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Select Committee urged to hear gambling victims

Select Committee urged to hear from people affected by problem gambling


Auckland, 1 February 2008 – The Salvation Army is disappointed that the Government Administration Committee is apparently blocking its ears to people affected by problem gambling.

The Government Administration Committee is currently considering the Gambling Amendment Bill.

The Salvation Army’s National Manager of Addiction and Supportive Accommodation Services, Major Lynette Hutson, says that her staff have received feedback from a number of submitters who have requested to speak before the Select Committee but have been rebuffed.

‘People affected by problem gambling in Christchurch have told us that the Select Committee does not seem open to hearing from them. They have noted irregularities such as failure to acknowledge the receipt of submissions, initially not accepting submissions postmarked on the closing date, and a refusal to hear oral submissions.

‘They are concerned that the average citizen who is unable to write using legal language is being denied the right to be heard.’

Major Hutson says that people are courageous to want to speak up about the harm they have experienced, either as problem gamblers themselves or via friends and family. They have valuable first-hand knowledge of the personal and social damage associated with problem gambling and should be given the opportunity to be heard.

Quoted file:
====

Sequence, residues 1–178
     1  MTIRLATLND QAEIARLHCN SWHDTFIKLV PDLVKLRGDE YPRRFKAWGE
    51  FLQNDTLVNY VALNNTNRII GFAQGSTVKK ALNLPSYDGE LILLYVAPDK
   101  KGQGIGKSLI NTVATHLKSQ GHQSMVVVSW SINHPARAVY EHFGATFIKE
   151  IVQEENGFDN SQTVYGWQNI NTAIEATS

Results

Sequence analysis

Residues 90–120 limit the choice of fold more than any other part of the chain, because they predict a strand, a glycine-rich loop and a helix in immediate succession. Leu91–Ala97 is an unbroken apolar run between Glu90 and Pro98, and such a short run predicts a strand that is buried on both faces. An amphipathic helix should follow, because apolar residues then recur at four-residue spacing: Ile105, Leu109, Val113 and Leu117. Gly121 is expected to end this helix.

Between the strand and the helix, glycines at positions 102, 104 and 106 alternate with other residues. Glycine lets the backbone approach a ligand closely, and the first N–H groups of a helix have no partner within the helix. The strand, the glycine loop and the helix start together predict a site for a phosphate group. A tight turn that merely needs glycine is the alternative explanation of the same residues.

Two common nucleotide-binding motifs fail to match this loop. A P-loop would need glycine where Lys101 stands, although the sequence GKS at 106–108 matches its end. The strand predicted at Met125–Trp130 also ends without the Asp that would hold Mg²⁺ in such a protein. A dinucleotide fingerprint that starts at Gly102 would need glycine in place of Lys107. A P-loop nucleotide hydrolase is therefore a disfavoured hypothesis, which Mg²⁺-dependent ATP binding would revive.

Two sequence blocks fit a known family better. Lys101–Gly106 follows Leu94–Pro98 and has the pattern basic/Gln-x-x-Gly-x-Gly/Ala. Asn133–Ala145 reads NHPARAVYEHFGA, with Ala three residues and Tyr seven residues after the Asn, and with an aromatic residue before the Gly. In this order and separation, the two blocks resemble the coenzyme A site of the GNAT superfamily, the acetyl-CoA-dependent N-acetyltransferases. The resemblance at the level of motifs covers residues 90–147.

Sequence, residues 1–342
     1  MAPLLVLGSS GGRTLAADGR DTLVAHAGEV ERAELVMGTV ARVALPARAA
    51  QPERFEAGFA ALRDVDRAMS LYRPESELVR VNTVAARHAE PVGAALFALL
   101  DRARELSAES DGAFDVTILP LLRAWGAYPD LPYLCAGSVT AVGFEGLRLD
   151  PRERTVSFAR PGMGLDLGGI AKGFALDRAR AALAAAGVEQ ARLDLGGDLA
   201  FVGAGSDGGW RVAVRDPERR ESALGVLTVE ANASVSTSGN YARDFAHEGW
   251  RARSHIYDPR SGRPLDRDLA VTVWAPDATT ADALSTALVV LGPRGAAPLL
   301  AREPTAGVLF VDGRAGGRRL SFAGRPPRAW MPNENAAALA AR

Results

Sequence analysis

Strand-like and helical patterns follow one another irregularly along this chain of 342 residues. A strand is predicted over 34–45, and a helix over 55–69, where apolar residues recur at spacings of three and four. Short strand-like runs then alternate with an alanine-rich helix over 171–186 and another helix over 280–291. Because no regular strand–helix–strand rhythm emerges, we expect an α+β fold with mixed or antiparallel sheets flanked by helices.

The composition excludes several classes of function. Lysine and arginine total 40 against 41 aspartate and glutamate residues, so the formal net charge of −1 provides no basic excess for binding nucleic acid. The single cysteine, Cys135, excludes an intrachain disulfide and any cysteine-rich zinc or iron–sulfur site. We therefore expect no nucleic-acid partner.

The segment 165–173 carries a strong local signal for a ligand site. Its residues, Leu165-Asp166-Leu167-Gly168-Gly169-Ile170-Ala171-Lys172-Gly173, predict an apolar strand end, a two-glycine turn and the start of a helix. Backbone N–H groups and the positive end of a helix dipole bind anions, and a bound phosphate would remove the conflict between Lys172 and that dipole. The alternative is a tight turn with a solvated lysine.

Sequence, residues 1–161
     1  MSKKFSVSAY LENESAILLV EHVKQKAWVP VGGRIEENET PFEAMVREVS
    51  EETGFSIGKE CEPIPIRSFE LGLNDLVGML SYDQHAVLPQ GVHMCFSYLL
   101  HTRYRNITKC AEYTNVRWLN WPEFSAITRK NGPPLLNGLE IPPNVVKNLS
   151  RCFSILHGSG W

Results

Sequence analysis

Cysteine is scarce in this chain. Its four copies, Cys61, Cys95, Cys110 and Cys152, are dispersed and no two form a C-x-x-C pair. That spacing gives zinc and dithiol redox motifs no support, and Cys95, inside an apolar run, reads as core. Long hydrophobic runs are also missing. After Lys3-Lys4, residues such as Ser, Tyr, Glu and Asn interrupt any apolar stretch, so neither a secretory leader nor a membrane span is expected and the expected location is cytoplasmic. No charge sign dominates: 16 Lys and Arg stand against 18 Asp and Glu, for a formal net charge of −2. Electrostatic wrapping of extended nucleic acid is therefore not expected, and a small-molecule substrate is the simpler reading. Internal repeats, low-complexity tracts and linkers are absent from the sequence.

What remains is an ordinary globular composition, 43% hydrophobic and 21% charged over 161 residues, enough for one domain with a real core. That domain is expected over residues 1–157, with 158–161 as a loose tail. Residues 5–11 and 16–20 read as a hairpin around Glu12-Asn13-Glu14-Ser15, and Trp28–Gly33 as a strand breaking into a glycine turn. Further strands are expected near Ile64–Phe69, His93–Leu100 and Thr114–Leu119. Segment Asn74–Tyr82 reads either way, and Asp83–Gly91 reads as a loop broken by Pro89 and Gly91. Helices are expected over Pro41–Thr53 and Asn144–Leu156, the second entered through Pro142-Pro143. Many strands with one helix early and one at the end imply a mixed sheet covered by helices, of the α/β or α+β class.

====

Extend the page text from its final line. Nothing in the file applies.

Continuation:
‘The Select Committee process is an important part of our democracy and it is one of the few opportunities people have to voice their concerns about new legislation.

‘With expenditure on gaming machines in just the last three months (to December 31) standing at a whopping $245.3m we believe it would be a tragedy for the experience of people affected by problem gambling to be lost through their omission from the oral submission process.’

The Salvation Army runs Oasis problem gambling services in seven cities around the country and is a significant provider of problem gambling services in New Zealand. Last year Oasis saw more than one thousand people who had been affected by problem gambling which is related to financial problems, problems at work, poor parenting, relationship problems, family violence, alcohol abuse and mental health problems. Many people affected by problem gambling are affected by somebody else’s gambling addiction.

ends


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